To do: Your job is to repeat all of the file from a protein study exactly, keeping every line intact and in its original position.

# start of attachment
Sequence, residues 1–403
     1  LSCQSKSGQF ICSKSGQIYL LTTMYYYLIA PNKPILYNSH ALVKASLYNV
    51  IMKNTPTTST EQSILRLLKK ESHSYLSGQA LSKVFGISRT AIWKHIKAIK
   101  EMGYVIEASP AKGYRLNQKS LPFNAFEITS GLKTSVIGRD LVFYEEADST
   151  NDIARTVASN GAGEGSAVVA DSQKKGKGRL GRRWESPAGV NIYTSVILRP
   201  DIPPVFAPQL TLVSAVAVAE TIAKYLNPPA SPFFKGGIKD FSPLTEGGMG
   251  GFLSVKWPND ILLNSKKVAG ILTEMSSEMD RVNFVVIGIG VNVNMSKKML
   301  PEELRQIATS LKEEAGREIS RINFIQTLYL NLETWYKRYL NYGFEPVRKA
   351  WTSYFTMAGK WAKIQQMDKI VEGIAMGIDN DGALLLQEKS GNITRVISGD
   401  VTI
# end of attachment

Sequence, residues 1–403
     1  LSCQSKSGQF ICSKSGQIYL LTTMYYYLIA PNKPILYNSH ALVKASLYNV
    51  IMKNTPTTST EQSILRLLKK ESHSYLSGQA LSKVFGISRT AIWKHIKAIK
   101  EMGYVIEASP AKGYRLNQKS LPFNAFEITS GLKTSVIGRD LVFYEEADST
   151  NDIARTVASN GAGEGSAVVA DSQKKGKGRL GRRWESPAGV NIYTSVILRP
   201  DIPPVFAPQL TLVSAVAVAE TIAKYLNPPA SPFFKGGIKD FSPLTEGGMG
   251  GFLSVKWPND ILLNSKKVAG ILTEMSSEMD RVNFVVIGIG VNVNMSKKML
   301  PEELRQIATS LKEEAGREIS RINFIQTLYL NLETWYKRYL NYGFEPVRKA
   351  WTSYFTMAGK WAKIQQMDKI VEGIAMGIDN DGALLLQEKS GNITRVISGD
   401  VTI